If the idea of going to the gym fills you with dread, then the latest study published by the British Medical Journal may be just what you are looking to hear.
The new research suggests that if you want to live longer, doing physical activity of any intensity will go a long way, this includes simple tasks such as doing the dishes, vacuuming or gardening.
The study which was led by Professor Ulf Ekelund at the Norwegian School of Sport Sciences in Oslo, showed that spending nine and a half hours each day sitting down as opposed to standing or walking, is associated with an increase in death.
Although researchers know that physical activity helps us live longer, the aim of the study was to look at the differences in the intensity of the exercise, comparing light activities such as walking slowly to more vigorous forms of exercise such as jogging, digging and carrying heavy loads.
During the study, researchers spent over 5 years studying 36,383 participants who were all over the age of 40.
The results of the study showed that ANY form of physical activity, regardless of how intense it was, was associated with a substantially lower risk of death.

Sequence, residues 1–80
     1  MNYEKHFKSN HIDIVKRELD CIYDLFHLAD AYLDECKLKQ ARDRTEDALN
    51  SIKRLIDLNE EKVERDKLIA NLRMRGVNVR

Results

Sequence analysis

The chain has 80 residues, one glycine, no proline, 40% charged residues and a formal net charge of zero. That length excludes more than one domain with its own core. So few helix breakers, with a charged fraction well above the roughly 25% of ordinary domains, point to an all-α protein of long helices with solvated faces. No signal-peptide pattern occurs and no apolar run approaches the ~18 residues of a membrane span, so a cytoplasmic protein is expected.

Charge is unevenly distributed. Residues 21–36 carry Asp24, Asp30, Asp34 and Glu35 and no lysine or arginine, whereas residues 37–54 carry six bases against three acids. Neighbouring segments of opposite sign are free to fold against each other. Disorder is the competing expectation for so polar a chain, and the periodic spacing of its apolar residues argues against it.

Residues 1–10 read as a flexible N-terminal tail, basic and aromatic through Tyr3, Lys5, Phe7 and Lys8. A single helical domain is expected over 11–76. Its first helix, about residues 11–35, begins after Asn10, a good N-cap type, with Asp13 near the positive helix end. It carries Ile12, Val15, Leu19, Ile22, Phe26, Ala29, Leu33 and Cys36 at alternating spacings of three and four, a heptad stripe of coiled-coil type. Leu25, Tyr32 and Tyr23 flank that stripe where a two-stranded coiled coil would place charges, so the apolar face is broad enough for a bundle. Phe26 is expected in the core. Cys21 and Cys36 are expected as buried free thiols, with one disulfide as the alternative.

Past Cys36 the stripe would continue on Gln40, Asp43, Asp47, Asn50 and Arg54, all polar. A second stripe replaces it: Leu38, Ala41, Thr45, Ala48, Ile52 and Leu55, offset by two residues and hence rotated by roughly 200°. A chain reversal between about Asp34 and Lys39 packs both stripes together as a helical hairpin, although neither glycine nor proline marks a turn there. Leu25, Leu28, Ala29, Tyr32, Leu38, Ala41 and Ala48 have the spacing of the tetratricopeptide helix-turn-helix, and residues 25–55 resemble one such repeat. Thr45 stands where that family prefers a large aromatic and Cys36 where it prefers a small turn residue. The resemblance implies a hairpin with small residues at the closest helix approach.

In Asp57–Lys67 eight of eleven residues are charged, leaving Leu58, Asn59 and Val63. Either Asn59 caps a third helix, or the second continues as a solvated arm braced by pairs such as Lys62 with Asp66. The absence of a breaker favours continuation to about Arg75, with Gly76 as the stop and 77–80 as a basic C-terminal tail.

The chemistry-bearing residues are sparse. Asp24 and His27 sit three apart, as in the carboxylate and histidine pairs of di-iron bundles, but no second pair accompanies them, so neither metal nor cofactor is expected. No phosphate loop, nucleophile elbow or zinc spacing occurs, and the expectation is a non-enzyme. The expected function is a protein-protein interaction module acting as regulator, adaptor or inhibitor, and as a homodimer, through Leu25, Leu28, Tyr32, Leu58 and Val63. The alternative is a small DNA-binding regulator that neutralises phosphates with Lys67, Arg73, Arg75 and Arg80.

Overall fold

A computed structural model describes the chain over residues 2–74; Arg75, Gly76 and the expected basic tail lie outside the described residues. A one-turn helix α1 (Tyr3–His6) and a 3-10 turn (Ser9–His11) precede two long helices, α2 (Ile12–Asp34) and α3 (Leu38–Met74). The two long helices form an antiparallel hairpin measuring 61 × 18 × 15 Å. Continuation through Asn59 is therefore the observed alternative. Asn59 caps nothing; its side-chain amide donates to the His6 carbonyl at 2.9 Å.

With around 4 in 5 people at risk from an untimely death due to stroke or heart attack, researchers came to the conclusion that the public health message should be to "sit less - move more and more often".
The fact that even light intensity physical activity is so beneficial to us, it is even more important for those who are more advanced in years and who may be unable to undertake more vigorous forms of exercise.
You can read the full published study via the BMJ website at https://blogs.bmj.com/bmj/2019/08/21/ulf-ekelund-and-thomas-yates-sit-less-move-more-and-more-often-all-physical-activity-is-beneficial-for-longevity/
Image by Arek Socha from Pixabay
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